At 1:30 a.m. on Tuesday morning, a white student discovered a black woman napping in her residence hall lounge at Yale University. She decided to call the police. The two women had never met before, but because the black woman was unknown to the white student, the white student decided to promptly flip on the lounge’s overhead lights, inform the black woman that she had no right to be there, and call the police to report an “unauthorized person” in the lounge.
What ensued for the black woman, who was taking a power nap for her “marathon of papers” due for her master’s degree classes — also at Yale — was a traumatic 17-minute encounter with campus police. As police attempted to card Lolade Siyonbola (the black student) to prove her identity, Siyonbola performed what is becoming a far too common response for black people when their existence seems to challenge white entitlement to space and power: She pulled her phone out and began recording.
If you could just see our degradation with your own eyes, maybe — just maybe — you might act in the name of what is just.
In her video with the police, Siyonbola is dismayed as to why she is being questioned at all. She wants to know why the white student — who has a history of calling the police on black students for existing in the same space as her — isn’t being sent to a “mental institution.” Her encounter with the police is complicated further when they find inconsistencies with Siyonbola’s preferred name as compared to what is listed in the school’s records.
In Siyonbola’s other video taken of her white accuser, Ph.D. student Sarah Braasch, Braasch stands in front of her apartment while filming Siyonbola and says, “I have every right to call the cops. You cannot sleep in that room.”
There is a chilling truth to Braasch’s words. They reveal a foundational American belief in the inhumanity of black life.
Yale’s student body is 52 percent white and just 13 percent black. Though Braasch belongs to the racial majority at her university, she somehow felt threatened by a black racial minority.
Why? Well, in the United States, white people know, deep down, that our universities and other institutions were designed for them. White people know that they are valued more than black men, women, and children. White people know that their word carries more weight, their tears are more potent, and their fears will always be justified when confronted by a body that is black. Because being black in this country perpetually marks you as other, different, out of place, and not worthy of belonging in the same ways as white people.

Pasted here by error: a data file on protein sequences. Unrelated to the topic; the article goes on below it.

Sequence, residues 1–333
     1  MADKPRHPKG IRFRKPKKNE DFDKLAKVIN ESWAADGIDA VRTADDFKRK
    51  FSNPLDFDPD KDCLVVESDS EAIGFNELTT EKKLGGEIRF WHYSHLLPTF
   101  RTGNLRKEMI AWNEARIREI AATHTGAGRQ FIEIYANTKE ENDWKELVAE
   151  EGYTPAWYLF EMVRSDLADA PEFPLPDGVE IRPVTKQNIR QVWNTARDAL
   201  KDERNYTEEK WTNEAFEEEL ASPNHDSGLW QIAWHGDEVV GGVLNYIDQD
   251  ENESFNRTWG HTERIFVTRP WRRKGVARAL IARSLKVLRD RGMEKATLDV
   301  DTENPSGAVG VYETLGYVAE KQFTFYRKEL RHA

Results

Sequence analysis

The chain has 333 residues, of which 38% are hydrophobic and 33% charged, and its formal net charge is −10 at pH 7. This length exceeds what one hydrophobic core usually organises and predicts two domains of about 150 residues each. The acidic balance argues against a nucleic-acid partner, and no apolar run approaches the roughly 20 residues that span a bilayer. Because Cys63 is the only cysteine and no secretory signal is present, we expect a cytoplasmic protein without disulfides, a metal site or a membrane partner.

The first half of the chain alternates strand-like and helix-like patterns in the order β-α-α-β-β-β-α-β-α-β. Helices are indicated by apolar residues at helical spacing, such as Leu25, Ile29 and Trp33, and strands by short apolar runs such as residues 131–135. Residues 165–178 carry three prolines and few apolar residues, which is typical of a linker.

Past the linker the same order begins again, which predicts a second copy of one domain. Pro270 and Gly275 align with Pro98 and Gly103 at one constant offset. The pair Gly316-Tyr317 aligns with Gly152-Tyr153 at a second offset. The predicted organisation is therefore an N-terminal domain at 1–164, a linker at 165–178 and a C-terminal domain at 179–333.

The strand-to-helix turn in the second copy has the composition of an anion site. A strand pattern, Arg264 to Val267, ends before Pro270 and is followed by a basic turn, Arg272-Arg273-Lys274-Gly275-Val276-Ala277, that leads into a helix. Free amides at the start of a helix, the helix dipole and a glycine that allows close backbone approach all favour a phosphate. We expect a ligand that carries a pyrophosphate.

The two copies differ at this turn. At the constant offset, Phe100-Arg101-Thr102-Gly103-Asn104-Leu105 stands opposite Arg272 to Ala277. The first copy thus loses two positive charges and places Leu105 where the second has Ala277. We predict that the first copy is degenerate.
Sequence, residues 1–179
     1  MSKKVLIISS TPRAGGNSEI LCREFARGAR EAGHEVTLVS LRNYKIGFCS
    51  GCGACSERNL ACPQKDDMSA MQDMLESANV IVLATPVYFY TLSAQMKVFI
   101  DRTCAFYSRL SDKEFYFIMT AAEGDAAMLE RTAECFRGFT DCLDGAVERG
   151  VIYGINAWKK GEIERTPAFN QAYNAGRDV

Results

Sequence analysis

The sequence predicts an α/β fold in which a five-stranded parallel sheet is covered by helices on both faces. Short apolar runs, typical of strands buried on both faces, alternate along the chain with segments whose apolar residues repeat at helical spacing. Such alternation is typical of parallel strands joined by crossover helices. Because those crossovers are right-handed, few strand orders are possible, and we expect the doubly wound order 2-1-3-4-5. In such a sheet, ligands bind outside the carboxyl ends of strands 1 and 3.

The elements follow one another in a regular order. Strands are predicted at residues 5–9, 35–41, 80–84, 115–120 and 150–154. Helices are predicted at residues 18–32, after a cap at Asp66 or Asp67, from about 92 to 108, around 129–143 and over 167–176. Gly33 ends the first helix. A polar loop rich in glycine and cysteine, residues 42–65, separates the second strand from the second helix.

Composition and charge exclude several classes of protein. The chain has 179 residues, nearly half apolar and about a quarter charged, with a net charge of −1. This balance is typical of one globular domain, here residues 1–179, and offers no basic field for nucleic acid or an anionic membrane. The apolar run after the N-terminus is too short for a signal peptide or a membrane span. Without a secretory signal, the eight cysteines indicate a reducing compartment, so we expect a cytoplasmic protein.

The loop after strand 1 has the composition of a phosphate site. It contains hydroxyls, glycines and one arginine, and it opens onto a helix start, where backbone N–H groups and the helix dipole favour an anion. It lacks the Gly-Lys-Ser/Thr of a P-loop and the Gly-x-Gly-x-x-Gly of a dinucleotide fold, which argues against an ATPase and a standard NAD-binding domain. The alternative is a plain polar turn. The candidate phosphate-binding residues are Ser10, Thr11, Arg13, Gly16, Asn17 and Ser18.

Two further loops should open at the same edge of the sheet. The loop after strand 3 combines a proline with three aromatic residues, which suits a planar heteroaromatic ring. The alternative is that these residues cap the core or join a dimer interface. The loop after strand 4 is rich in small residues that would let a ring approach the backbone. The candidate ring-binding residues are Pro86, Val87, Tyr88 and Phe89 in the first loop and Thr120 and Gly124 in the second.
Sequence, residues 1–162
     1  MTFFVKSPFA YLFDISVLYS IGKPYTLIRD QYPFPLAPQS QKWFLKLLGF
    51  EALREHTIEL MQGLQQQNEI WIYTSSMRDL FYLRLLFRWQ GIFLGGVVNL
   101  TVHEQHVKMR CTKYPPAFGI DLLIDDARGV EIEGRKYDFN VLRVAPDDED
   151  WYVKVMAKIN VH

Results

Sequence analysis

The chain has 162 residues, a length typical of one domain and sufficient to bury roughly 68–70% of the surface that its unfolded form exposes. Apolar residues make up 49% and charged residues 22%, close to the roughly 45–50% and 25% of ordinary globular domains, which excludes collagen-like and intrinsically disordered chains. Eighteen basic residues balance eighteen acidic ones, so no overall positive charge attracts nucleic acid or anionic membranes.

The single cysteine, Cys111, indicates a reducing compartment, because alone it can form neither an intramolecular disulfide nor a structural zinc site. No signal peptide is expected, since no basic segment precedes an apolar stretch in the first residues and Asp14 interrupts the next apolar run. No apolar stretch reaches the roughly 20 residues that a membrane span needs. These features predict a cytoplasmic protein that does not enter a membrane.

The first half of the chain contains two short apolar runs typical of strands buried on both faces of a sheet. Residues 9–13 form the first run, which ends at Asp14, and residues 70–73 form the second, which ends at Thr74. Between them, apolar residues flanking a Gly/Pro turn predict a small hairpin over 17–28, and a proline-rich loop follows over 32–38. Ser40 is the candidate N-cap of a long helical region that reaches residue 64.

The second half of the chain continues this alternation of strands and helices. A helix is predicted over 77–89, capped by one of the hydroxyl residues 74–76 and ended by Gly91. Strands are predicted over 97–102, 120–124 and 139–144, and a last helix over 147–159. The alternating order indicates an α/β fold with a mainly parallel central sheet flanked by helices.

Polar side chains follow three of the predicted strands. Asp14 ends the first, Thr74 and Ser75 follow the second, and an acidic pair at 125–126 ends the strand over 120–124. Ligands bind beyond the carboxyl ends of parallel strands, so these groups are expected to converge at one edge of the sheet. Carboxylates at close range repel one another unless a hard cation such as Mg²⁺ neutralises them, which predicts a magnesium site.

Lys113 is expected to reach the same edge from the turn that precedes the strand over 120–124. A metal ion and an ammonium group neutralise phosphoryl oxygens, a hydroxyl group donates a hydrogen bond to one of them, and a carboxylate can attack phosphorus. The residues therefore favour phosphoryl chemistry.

In my professional life, I facilitate anti-racism trainings for my university. And at the core of each presentation, I’m pushing white people to recognize the humanity of black people.
When I was younger and learning about the Civil Rights Movement, I was astounded by the impeccably dressed black men marching on the sidewalks and streets holding placards that read, “I am a man.” That testament of their existence — of their right to be treated with dignity, respect, and empathy — always broke my heart.
Documenting the dehumanization of black life through video is the most recent page in the tome of white American paranoia and entitlement around racial “others.” Their videos serve as the latest demand that black people deserve to live their lives, have fun at wineries, go to Starbucks, stay at Airbnbs, play golf, continue their education, take naps, and live just as freely as white people.
This viral phenomena pushes viewers of all backgrounds to reckon with the lengths black people must go in order to have our grievances believed. Underlying each video is the belief that if you could just see our degradation with your own eyes, maybe — just maybe — you might act in the name of what is just. Maybe you would see that we aren’t overreacting. Maybe you’ll see that these individual acts are a part of a larger racial cancer in our country. Maybe you’ll examine how you are part of the problem.
As many as four police officers interrogated Siyonbala about her encounter with Braasch. Throughout their exchange, they implied that she wasn't being cooperative and attempted to de-escalate her by telling her not to worry about getting in trouble.
Putting her master’s degree in African Studies to good use, she responded in the best way possible, saying, “I know it’s going to be OK. I know I’m not in trouble. My ancestors built this university.”
This op-ed solely reflects the views of the author, and is part of a larger, feminist discourse.